Good morning, everyone! I am hoping someone will have information on the "Promise Stitch"... a style of quilting "handed down from Appalachian Mountain Craftspeople". I visited a quilt shop yesterday and they had a sample which was 4 small Log Cabin blocks, surrounded by a border with a delicate embroidered vine. She said it was a pattern from Mountain Patchwork www.mountainpatchwork.com The log cabin 'logs' were hand pieced, then when you flip them open, a line of running stitch is used to reinforce the sewing line. The website describes this as a "primitive stitch" and not fine hand quilting. The 2 owners/designers had taken a workshop to learn the "promise stitch". The shopowner would love any additional historical information on this technique, so I offered to see if any QHL members could help out. TIA, Karan from very soggy Iowa

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Subject: Re: Promise Stitch From: Chris Flynn <lovechrisearthlink.net> Date: Thu, 30 Jun 2005 06:41:56 -0700 X-Message-Number: 2

Hi Karan.... Billie Lauder brought some sweet samples of the promise stitch to our guild last year. I don't remember her saying they came from Appalachia though. Billie's examples were tiny, 1" squares sewn into a bigger block. Great take along work. I wish the Mountain Patchwork people showed a close up sample. Thanks, Chris in Sunny North California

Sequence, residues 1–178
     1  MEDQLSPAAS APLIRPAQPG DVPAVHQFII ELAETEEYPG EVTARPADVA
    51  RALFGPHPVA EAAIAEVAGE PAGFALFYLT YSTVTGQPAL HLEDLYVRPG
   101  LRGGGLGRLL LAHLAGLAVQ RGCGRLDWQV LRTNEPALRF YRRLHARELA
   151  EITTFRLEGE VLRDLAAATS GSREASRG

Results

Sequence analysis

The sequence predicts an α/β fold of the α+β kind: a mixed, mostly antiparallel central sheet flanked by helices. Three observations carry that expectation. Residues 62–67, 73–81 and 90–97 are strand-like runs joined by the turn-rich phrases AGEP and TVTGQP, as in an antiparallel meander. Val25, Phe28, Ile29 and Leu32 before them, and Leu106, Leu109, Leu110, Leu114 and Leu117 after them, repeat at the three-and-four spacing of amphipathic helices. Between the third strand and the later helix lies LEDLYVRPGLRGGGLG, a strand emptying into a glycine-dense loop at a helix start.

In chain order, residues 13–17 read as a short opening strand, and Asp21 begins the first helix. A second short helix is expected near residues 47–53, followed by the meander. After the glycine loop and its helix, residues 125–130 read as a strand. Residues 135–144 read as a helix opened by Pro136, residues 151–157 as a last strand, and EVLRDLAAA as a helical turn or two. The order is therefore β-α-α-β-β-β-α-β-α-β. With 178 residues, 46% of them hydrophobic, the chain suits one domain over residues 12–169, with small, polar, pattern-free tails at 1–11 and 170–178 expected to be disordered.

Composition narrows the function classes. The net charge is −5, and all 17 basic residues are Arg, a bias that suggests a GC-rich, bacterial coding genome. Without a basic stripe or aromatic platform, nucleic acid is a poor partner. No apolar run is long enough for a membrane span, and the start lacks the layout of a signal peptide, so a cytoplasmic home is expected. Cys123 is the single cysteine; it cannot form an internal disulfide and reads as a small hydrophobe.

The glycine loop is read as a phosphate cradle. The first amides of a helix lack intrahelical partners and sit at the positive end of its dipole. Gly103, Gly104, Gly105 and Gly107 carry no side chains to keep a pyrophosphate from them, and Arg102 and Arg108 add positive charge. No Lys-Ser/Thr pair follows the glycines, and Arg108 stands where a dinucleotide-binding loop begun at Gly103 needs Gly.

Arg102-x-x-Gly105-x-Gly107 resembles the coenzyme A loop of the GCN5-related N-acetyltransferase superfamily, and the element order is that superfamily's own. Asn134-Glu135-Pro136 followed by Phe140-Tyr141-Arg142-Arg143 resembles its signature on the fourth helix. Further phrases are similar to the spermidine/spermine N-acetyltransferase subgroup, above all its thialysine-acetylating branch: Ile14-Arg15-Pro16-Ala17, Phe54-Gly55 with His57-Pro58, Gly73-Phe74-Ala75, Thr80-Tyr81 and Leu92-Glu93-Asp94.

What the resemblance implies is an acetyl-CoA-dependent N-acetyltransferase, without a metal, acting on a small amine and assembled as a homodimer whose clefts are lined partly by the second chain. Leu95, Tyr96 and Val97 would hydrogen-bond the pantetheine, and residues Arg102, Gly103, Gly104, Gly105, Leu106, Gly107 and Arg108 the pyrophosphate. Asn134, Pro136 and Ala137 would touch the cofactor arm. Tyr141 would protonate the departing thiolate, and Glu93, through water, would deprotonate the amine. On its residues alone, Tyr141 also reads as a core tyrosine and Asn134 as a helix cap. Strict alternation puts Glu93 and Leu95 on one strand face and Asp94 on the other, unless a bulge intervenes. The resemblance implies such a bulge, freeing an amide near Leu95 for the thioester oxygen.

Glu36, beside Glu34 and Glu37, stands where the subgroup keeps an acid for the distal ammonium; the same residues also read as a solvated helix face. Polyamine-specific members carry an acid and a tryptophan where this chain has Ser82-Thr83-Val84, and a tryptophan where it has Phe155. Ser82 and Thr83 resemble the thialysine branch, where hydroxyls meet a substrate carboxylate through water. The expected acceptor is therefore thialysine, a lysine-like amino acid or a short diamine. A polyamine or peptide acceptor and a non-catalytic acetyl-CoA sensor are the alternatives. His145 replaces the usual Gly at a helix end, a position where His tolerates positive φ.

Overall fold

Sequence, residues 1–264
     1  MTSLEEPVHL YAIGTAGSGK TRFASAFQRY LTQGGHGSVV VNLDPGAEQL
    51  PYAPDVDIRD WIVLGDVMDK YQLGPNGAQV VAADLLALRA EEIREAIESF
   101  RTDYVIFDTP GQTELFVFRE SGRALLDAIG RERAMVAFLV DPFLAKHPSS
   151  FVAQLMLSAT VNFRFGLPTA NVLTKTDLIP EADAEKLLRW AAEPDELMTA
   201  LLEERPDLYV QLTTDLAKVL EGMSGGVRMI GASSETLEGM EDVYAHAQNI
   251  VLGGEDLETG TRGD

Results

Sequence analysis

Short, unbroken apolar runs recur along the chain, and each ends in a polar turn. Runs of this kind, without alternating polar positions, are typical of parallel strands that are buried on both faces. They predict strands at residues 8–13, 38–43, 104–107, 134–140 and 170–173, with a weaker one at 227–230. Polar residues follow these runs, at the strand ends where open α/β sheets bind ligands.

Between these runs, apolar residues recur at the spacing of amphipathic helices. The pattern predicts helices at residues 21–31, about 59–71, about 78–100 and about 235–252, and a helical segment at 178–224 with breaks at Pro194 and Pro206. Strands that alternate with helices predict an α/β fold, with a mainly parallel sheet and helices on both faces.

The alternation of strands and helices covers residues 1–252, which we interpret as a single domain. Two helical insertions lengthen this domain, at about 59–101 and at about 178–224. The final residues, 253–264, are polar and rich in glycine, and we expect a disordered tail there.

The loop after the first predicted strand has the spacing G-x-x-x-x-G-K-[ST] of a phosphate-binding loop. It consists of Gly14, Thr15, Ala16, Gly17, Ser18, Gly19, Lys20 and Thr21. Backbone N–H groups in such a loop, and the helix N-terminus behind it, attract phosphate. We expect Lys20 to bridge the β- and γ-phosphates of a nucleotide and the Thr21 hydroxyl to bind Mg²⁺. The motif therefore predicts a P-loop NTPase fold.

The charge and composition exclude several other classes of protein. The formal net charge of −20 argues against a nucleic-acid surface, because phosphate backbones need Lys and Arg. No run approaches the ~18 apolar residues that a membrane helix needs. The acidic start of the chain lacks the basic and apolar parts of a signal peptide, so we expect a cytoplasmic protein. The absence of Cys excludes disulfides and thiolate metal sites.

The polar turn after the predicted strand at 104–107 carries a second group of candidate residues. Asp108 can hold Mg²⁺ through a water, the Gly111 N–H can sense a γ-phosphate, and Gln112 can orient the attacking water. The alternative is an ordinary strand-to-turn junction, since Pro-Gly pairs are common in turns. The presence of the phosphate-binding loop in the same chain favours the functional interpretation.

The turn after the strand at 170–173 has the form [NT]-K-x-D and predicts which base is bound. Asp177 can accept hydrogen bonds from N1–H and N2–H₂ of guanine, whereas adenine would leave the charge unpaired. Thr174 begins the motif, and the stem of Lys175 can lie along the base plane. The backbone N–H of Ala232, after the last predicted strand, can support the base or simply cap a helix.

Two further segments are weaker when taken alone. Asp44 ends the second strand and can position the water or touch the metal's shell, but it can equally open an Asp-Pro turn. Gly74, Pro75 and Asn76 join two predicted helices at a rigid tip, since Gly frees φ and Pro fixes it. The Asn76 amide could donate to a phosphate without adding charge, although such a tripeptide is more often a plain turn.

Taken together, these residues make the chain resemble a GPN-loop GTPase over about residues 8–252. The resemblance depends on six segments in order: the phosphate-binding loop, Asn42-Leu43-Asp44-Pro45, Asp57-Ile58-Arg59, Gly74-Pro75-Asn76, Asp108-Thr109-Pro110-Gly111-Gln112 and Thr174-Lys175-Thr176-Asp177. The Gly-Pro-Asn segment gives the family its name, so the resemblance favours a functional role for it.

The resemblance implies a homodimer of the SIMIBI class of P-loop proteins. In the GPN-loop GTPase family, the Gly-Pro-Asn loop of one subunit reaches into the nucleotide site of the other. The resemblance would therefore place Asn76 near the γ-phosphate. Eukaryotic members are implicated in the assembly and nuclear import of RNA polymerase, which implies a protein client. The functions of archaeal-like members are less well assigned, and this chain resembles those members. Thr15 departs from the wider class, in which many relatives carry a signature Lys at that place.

On Jun 30, 2005, at 6:26 AM, Karan Flanscha wrote:

> Good morning, everyone! > I am hoping someone will have information on the "Promise > Stitch"... a style of quilting "handed down from Appalachian > Mountain Craftspeople". I visited a quilt shop yesterday > and they had a sample which was 4 small Log Cabin blocks, > surrounded by a border with a delicate embroidered vine. > She said it was a pattern from Mountain Patchwork > www.mountainpatchwork.com The log cabin 'logs' were hand > pieced, then when you flip them open, a line of running > stitch is used to reinforce the sewing line. The website > describes this as a "primitive stitch" and not fine hand > quilting. The 2 owners/designers had taken a workshop to > learn the "promise stitch". The shopowner would love any > additional historical information on this technique, so I > offered to see if any QHL members could help out. > TIA, Karan from very soggy Iowa > > > > --- > You are currently subscribed to qhl as: lovechrisearthlink.net. > To unsubscribe send a blank email to > leave-qhl-1442664Rlyris.quiltropolis.com >